On blood and victory – Gideon Levy in Haaretz:
‘The security mavens want as much war as possible because in their heart of hearts they like wars, those are their strongest memories. A war that is never enough for them, just to hit them, to prove that we’re strong. All the wars in Gaza and Lebanon, which didn’t accomplish anything, didn’t teach them anything either. They stick to their guns. If only we had listened to them at the time, there would have been tens of thousands of dead, and only then would the desired victory have been attained, which will never be attained.’
‘The statesmanlike journalist Danny Kushmaro, who ordinarily won’t reveal his opinion about anything, innocently asks: “Why does Yihya Sinwar [Hamas leader in the Gaza Strip] still have a home?” If only people would listen to the voice of the man on the motorcycle, Sinwar would no longer have a home, a wife, children, neighbors, like all his deceased predecessors, and then we would win.
Of course we would win. From journalists Nahum Barnea (“hit hard, forcefully”) to Roni Daniel (“Let’s stop being amazed by some sight or other”) and Amir Buhbut (“That’s not how to land a harsh, painful blow”), every guy can be a soldier, they all want only more and more combat action by men’s men who never cry, not even at night. They sit on the hilltops surrounding Gaza like a chorus of cheerleaders and cheer the forces who will kill civilians and fighters in the penned-in ghetto, just give them more and more.’
‘“Two Arabs were killed in Lod by a missile launched by Hamas. I call that poetic justice. … Too bad it was only two,” tweeted journalist Shimon Riklin on Wednesday regarding the killing of two Israelis, a father and his daughter. “Why don’t they reduce the electricity in Gaza to 10 percent? Let them sit in the dark and suffer. Let them stand in the heat and suffer, and in general let them suffer.” Riklin has an objective, which is both a contemptible war crime and pointless as well. Ben Caspit, on the other hand, is presumably a centrist journalist, and he screamed at the imam of Lod: “We really have to hit you hard, and show you who’s the boss here, show you that you don’t burn anything belonging to Jews in Israel.”’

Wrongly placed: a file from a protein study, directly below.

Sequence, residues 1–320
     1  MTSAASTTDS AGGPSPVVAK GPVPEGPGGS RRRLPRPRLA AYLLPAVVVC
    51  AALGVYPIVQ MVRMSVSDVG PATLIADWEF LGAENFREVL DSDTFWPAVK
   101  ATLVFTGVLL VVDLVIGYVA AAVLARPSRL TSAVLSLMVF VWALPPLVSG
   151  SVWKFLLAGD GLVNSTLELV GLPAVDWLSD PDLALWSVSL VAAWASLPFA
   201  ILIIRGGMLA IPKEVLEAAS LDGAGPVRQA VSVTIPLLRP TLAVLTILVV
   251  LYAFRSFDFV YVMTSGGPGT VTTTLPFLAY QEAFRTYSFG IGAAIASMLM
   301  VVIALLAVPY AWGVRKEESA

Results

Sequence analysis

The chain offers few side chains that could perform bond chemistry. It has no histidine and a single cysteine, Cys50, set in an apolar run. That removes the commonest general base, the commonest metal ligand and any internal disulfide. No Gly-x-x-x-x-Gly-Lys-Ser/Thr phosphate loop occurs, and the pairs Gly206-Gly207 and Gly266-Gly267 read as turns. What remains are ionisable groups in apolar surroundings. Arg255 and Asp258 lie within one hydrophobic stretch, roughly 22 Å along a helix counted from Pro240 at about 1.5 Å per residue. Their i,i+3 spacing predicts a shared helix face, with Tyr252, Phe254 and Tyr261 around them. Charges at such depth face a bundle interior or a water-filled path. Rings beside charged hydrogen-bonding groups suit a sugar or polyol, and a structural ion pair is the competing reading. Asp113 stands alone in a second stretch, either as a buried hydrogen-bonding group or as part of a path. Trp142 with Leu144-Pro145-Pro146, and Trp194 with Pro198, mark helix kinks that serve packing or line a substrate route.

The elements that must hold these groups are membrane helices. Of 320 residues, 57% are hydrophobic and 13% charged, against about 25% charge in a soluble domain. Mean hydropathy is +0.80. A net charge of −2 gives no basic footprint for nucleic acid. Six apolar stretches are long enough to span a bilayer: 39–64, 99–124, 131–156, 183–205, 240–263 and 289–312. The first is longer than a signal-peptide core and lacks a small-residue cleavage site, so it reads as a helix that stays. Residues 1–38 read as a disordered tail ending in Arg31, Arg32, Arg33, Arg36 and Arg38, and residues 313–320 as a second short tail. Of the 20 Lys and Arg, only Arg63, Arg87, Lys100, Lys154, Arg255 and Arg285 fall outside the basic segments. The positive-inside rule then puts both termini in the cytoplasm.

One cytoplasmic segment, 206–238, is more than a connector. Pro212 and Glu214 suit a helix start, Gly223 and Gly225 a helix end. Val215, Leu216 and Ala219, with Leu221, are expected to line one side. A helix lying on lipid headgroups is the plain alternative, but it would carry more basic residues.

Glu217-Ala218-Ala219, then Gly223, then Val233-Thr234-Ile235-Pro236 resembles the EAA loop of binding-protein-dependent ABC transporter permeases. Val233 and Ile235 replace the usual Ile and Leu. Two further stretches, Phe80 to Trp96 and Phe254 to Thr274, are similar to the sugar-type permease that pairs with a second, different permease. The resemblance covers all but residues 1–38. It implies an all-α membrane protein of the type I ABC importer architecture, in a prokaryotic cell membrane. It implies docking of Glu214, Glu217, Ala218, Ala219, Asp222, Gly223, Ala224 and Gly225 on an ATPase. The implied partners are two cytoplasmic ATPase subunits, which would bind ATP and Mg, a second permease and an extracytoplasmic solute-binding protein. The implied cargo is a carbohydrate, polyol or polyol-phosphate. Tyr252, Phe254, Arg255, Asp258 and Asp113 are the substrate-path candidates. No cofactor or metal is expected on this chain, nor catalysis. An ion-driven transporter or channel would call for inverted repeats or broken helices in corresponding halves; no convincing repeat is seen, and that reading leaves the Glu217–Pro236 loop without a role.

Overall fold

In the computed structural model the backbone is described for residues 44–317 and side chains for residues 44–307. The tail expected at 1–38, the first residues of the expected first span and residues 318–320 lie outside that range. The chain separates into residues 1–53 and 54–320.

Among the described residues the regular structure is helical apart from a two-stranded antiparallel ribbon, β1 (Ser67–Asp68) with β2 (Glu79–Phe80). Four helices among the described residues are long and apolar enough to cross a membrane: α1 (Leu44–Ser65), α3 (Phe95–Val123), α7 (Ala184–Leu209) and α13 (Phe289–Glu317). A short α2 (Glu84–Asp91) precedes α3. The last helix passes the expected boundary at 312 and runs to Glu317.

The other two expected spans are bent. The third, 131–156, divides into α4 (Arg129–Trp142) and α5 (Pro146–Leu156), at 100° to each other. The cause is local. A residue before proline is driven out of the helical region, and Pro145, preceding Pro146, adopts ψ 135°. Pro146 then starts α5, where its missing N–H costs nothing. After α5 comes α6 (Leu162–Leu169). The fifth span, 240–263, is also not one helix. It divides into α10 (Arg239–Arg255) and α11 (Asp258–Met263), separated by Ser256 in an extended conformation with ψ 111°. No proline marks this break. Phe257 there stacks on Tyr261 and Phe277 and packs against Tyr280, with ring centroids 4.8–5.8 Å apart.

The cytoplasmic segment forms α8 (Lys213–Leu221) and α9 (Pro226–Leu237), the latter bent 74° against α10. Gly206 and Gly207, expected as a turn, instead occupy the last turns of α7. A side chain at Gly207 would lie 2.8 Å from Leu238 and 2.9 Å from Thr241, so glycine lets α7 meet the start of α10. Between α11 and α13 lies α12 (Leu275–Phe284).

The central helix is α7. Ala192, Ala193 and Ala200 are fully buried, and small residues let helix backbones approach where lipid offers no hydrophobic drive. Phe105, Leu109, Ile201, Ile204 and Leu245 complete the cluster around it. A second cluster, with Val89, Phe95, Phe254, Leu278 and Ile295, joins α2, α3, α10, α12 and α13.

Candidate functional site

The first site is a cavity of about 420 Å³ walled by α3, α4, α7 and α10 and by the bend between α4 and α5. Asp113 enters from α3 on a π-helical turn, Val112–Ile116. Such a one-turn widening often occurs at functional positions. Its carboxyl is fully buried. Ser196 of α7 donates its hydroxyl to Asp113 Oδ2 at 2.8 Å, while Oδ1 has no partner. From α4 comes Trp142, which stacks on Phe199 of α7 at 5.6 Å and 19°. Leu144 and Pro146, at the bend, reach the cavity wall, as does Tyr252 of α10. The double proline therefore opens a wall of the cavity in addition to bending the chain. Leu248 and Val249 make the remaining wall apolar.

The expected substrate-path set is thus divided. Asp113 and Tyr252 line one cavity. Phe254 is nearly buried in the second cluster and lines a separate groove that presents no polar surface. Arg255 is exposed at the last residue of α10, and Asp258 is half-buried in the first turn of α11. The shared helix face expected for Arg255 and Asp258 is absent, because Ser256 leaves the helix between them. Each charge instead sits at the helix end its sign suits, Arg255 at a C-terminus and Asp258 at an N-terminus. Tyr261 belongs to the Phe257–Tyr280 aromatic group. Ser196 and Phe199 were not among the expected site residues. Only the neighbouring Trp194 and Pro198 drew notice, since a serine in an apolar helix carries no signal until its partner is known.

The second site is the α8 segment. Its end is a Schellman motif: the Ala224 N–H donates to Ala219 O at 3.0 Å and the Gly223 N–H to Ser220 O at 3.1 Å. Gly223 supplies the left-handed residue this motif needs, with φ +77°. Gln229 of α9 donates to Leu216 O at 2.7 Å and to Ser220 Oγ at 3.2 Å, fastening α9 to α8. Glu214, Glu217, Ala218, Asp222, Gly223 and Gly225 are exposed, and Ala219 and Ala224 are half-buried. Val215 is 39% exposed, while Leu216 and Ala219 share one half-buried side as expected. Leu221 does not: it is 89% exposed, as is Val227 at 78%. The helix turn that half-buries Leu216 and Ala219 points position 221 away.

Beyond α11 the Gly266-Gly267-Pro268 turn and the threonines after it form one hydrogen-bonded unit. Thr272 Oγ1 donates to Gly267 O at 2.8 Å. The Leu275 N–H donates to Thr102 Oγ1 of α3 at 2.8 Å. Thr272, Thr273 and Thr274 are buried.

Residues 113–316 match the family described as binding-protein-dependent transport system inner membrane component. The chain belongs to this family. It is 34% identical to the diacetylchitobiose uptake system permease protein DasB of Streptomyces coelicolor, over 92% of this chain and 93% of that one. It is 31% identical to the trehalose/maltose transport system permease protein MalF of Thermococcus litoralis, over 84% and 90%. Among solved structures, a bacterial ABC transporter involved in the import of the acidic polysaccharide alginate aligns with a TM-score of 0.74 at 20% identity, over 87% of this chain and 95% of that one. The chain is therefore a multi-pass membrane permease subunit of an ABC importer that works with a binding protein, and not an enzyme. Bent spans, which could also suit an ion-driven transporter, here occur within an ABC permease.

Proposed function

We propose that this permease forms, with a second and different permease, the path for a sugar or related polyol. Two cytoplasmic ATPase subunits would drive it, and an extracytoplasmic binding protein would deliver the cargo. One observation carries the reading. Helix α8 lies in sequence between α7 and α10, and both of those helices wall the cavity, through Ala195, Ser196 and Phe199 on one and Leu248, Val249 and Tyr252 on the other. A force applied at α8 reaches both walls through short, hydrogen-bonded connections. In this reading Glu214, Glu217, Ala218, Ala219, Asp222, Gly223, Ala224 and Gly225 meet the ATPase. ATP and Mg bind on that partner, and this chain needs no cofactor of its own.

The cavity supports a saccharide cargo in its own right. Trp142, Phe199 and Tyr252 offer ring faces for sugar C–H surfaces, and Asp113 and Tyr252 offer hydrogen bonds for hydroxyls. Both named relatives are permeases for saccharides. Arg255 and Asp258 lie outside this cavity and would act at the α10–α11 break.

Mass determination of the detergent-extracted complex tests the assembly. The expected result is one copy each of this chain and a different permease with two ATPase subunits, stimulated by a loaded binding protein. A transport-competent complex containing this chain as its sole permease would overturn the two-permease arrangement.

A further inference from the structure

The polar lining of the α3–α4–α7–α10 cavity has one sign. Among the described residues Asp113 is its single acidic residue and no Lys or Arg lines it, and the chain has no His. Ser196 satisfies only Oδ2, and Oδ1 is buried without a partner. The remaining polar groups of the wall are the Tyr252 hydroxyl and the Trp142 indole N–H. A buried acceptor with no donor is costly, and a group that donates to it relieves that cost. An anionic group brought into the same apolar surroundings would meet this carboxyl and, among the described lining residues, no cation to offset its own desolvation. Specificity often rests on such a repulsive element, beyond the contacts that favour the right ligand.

Read the article here.
Levy might be a tad too pessimistic, but of course he has a point.
And Israel is not an exception, unless you thought, like George Steiner did that Jews are morally better than most other people. (Steiner himself declared that this belief was racist, but this latter remark might have been slightly ironic.)
The implosion of the left, the radicalization of the so-called middle, the open or not so open disgust of democracy, religious and ideological zealousness and the real rockets and drones from Gaza or Lebanon are a standing invitation to primitive behavior, to the rule of the mob.
Sometimes, intellectuals or so-called intellectuals defend these reflexes as realism, and again Israel is not unique. Look at France, US, Germany, the Netherlands. We can see the same impulses there, but without rockets, without the uncertainty of the overdue question: what are the borders of this country? So less widespread, more subdued. The population is not yet as unhinged as in Israel.
If you want to show others who is the boss, if that’s the attitude that enables peacefully living together, society is already on the verge of breakdown.